I'd rather avoid the suit altogether, and just pay the model a reasonable fee upfront. That way, they know exactly what their compensation will be, and if they're not happy with that amount, they politely decline to pose, and that's that. As I said before, I don't think that kind of information belongs in the release itself. You can write up whatever contract you want between you and the model as far as compensation is concerned - I don't think that contract belongs in your model release. I believe in paying a model a fair rate for their time - and I do include the prints I give them, as fine art prints, in the calculation of their compensation. As an example, I know that my prints sell for at least $250 apiece, so if I pay the model $100 in cash for an afternoon's posing, and give them four prints, signed as artists proofs, I just handed that model $1100 worth of compensation. I'd say that is pretty good pay for an afternoon. If you hire a figure model through an agency, where such things are highly regulated, you pay the model typically $150 an hour (well, the AGENCY gets $150 an hour... god knows what the model's actual cut is), and then that's that - the model expects to sign a blanket release that absolves you of any liability and any relationship to them, and any rights they have of review and refusal. I believe in discussing these things with the model in advance, so they can be comfortable when signing that standard release. I'll talk about it with the model before, during and after the shoot, so they feel good about what I've shot, and I'll be glad to discuss any specific image with them, but I'm not going to cede creative control.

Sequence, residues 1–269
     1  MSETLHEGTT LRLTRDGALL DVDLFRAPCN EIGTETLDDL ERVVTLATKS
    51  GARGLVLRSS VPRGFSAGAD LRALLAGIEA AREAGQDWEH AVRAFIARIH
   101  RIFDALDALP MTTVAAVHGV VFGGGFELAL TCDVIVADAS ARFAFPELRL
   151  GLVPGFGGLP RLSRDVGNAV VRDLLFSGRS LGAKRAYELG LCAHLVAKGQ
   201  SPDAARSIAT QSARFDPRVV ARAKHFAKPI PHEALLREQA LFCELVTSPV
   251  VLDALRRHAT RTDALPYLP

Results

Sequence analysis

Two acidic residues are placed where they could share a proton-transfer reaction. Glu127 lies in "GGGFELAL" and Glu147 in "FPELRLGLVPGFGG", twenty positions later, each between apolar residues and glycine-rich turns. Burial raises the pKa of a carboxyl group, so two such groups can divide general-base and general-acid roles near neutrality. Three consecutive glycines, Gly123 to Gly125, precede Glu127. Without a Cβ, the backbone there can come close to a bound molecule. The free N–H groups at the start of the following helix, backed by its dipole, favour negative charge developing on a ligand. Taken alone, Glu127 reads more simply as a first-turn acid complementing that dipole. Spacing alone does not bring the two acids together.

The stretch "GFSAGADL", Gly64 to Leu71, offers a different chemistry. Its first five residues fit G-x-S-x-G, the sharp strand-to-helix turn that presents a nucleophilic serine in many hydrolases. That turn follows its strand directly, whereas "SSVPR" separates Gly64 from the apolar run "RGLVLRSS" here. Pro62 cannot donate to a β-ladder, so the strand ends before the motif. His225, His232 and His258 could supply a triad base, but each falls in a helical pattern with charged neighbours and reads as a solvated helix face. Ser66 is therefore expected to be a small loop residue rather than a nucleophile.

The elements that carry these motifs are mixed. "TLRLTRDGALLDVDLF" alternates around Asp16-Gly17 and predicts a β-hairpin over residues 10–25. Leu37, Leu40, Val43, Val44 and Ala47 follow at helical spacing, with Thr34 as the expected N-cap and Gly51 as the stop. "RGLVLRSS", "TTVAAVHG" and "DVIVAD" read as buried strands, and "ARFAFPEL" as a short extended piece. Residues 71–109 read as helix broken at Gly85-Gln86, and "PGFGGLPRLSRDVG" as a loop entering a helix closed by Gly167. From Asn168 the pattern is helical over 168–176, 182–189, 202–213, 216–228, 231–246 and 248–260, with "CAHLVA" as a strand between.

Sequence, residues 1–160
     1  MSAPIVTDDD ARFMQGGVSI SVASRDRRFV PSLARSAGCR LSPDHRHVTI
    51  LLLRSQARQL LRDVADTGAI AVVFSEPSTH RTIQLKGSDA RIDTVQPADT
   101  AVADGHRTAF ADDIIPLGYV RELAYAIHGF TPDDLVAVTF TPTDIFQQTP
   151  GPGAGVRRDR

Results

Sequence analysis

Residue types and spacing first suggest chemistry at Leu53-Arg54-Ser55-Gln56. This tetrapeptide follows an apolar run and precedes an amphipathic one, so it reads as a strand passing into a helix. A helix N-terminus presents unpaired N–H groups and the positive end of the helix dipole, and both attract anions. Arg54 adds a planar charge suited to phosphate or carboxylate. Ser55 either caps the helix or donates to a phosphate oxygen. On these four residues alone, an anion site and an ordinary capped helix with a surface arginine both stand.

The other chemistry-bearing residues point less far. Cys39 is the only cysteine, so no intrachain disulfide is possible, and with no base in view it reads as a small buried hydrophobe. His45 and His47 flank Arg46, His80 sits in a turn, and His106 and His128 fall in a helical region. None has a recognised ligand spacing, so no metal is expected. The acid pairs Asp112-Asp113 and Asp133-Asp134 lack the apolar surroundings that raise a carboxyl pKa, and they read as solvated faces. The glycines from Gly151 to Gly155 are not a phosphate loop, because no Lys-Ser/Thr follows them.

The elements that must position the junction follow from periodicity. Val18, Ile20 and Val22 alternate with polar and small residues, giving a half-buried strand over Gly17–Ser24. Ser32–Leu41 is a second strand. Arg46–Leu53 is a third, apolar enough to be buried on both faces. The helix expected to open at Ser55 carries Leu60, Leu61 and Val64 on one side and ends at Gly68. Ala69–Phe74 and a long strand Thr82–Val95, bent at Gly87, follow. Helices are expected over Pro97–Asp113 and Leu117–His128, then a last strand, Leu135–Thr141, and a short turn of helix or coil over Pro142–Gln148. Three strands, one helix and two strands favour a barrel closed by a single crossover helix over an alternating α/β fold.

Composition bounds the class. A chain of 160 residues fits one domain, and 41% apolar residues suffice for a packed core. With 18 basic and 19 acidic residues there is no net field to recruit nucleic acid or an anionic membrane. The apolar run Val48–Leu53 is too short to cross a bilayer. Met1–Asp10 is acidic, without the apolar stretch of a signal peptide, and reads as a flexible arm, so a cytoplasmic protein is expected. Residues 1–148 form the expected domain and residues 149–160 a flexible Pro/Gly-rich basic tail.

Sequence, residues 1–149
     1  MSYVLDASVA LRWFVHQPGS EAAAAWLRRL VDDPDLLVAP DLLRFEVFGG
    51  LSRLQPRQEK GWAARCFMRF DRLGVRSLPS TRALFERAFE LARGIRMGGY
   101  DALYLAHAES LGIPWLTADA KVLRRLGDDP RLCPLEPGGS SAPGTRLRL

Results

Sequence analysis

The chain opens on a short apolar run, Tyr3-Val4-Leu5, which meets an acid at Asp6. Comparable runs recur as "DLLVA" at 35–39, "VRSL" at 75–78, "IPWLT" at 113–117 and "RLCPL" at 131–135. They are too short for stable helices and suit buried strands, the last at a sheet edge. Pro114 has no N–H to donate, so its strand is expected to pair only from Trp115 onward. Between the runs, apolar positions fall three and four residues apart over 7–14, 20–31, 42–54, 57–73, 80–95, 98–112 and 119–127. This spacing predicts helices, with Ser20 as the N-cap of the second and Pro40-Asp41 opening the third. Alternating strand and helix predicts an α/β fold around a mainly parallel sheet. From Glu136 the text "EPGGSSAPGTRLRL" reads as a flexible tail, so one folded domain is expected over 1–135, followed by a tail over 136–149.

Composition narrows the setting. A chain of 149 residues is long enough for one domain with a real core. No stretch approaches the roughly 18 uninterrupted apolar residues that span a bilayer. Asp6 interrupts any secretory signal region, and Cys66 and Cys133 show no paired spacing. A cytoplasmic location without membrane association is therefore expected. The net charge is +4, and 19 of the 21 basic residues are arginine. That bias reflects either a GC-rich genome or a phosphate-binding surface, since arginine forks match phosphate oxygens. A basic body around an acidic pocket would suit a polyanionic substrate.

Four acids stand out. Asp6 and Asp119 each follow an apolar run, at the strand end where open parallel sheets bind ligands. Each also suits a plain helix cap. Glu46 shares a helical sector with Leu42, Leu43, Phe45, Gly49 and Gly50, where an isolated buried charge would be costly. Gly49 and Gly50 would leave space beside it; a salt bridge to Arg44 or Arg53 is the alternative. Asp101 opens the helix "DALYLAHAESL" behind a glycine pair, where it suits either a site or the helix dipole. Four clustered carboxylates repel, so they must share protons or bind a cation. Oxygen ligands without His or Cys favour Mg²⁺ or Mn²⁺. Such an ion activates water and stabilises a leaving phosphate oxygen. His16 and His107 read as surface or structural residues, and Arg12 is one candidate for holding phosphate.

If you use a release like the one above, you are creating the perception in the mind of the model that they have co-ownership in the images you create, which is not the case. Again, the idea is to prevent legal hassles, not generate greater possibilities for them in the future. I have heard stories where someone posed for images when they were younger, then many years later regretted, and came back and sued the photographer (or the worst case, the estate of the model, in the form of their parents), and because the model release was not airtight, the photographer got hosed as a result.